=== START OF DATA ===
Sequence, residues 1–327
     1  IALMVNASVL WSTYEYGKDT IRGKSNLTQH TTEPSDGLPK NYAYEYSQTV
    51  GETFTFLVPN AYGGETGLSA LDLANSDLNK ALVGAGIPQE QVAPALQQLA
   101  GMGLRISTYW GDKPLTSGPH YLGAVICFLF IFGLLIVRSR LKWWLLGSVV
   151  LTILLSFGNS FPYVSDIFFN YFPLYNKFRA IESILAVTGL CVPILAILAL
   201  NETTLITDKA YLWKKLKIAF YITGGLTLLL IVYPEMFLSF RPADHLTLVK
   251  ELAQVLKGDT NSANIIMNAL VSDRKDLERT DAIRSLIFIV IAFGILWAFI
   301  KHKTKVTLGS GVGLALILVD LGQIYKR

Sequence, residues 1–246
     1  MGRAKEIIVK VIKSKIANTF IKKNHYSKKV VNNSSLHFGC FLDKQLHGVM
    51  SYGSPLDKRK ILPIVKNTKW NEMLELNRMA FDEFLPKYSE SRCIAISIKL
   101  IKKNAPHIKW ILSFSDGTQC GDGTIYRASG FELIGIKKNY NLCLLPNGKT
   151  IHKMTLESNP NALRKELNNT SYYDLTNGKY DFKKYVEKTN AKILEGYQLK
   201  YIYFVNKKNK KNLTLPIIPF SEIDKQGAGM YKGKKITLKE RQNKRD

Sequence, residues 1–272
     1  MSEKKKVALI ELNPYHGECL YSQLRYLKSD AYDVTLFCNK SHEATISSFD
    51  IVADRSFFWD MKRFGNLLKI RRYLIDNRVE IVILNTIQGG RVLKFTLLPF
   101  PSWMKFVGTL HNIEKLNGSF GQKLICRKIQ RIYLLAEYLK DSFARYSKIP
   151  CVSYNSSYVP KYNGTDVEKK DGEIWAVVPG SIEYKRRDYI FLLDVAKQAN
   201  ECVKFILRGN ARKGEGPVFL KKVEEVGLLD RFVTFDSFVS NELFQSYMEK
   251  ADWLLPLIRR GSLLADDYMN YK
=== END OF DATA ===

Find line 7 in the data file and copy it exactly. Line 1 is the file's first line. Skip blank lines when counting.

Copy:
   251  ELAQVLKGDT NSANIIMNAL VSDRKDLERT DAIRSLIFIV IAFGILWAFI